Mold Remediation and Your Health
Mold is a fact of life, and it can occur wherever there is moisture in a house. Bathrooms and cellars are two of the most obvious spots for mold to grow, but crawl spaces, chimney foundations and wall interiors are just a few of the other places in the home that are likely to host colonies of mold that aren’t always easily seen by the homeowner.
Not all mold is bad, and not all people who are exposed to the bad types of mold have adverse health reactions to the exposure. But most homeowners are aware enough of the potentially harmful effects of molds to consider that getting rid of it is a matter of common sense and preventative health care. Mold remediation, performed by professionals, is the most effective way to address this problem.
Mold and Health Problems
Allergies and asthma are two of the most common health problems associated with mold, whether mold has come in contact with skin or has been inhaled. Molds and airborne mold spores can produce allergic reactions that are similar to hay fever, including red, itchy eyes, a runny nose and sneezing, or a rash. Unlike hay fever, however, these symptoms are not seasonal and will continue as long as the sensitive individual is exposed to the mold.
Exposure to mold can cause asthma attacks in people who already suffer from chronic lung disease, creating tightness in the chest, shortness of breath, wheezing and coughing. People with compromised immune systems who have had prolonged exposure to mold can develop infections of the digestive tract, the sinuses, the lungs or the skin.
What Can Be Done?
The best way to address this problem is to get professional mold remediation and rid your home of what is or may become a significant health issue. Mold remediation is more complex than simple mold removal or sanitation. It’s a professional process that does include those two actions, but there is much more to it than simply cleaning and removing areas of mold infiltration.
The Mold Remediation Process
- All the sources of the moisture that is aiding the mold growth must be found and repaired to keep the problem from recurring and to prevent new mold growth.
- The contaminated area must be contained, usually by closing any openings like doors or windows between the mold-contaminated space and the rest of the building and by taping thick plastic sheeting over doorways.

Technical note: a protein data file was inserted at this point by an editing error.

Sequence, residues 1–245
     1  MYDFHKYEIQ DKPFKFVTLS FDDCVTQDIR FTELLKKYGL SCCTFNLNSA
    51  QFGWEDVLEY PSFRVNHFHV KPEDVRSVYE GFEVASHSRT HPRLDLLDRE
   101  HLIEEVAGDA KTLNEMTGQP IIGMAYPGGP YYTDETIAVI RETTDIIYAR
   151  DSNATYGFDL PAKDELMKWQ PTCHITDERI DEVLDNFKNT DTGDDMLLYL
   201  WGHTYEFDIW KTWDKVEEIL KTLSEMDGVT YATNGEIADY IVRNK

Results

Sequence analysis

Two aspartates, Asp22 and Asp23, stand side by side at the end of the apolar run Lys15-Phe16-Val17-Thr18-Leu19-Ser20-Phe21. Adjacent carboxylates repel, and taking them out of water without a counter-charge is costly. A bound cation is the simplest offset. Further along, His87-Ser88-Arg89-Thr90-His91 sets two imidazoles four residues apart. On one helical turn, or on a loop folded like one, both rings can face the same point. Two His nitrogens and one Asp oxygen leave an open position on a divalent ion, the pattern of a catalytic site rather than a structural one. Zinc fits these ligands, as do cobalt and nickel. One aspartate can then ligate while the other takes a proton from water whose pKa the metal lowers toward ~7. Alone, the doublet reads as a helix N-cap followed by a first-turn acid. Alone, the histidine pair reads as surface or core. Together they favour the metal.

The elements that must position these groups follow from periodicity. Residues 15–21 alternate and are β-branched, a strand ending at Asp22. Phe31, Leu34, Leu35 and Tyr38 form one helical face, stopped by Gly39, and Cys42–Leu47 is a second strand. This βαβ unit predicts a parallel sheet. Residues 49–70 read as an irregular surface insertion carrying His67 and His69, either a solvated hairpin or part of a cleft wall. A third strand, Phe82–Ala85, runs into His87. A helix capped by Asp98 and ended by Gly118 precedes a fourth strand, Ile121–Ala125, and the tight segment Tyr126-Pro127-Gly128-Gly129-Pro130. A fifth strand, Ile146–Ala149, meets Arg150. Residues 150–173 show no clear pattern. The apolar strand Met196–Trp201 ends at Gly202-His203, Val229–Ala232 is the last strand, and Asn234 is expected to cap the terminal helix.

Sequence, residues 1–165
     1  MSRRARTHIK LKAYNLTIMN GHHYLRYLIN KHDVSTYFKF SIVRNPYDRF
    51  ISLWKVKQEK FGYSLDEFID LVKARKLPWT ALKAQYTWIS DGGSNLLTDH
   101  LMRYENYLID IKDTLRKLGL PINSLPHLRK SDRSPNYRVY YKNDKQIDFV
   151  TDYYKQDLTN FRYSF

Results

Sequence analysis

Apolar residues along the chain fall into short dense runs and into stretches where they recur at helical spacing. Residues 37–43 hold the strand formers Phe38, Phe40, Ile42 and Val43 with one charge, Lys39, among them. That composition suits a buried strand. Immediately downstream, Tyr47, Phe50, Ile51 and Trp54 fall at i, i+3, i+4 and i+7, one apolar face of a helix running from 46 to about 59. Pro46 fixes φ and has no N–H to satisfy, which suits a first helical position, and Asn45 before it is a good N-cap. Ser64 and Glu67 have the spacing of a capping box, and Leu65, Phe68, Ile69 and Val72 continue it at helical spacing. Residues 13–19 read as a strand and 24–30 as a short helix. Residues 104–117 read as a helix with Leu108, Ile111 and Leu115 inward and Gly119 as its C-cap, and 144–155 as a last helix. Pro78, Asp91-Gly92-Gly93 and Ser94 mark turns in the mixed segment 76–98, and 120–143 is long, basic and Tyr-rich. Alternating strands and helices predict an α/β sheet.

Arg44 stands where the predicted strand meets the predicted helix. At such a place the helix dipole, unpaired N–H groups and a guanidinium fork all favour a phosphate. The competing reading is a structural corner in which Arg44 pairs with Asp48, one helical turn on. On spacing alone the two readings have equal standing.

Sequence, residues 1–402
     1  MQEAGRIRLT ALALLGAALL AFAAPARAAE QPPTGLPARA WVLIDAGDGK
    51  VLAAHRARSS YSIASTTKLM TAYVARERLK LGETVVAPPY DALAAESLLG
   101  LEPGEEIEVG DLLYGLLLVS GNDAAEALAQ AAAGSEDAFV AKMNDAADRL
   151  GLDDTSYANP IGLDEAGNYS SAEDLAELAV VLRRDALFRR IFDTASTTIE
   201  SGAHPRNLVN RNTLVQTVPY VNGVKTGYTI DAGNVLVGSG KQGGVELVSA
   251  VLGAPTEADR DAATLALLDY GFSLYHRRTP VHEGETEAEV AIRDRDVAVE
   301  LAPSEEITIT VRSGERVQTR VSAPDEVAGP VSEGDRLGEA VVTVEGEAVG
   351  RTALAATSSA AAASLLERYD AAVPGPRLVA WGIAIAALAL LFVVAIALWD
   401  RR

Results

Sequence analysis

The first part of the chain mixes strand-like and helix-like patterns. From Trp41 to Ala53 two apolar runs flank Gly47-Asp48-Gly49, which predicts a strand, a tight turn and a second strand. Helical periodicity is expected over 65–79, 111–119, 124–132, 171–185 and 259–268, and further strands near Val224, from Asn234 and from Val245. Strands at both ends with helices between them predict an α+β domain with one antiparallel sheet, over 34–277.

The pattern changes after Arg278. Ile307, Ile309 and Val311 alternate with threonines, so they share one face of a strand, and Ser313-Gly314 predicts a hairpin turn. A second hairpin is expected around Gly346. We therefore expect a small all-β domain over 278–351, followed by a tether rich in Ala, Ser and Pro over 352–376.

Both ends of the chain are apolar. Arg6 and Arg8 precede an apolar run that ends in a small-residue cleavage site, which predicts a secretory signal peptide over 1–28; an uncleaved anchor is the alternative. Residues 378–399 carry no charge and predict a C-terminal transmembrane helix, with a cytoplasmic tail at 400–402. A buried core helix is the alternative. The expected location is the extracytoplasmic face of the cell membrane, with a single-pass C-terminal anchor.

- Misting the treatment area will help stop dust from spreading mold spores.
- Removing all porous materials such as carpeting and ceiling tiles which are wet – even if they are not obviously mold-infected – and sealing the removed materials in thick plastic bags is crucial to the process. These materials will be properly disposed of by professionals doing the job.
- Surfaces that are non-porous must be cleaned thoroughly. A common way to do this is with a wire brush cleaning followed by scrubbing with a strong detergent solution, then rinsed with clean water. Contrary to popular opinion, bleach is not an effective biocide, and cannot be guaranteed to kill mold.
- The cleaned area is carefully checked to ensure it is completely free of any visible contamination, dirt, dust and debris. It may then be disinfected with a professional solution.
- Cleaned areas and materials must be dried enough for any remaining moisture to be able to evaporate; this often involves using standing fans or heaters to raise the air temperature.
- The areas where mold carrying materials have been removed and disposed of are then replaced or, where possible, repaired.
Once all mold has been professionally removed, the homeowner owner can be comfortable and secure in the knowledge that a potential health threat is gone.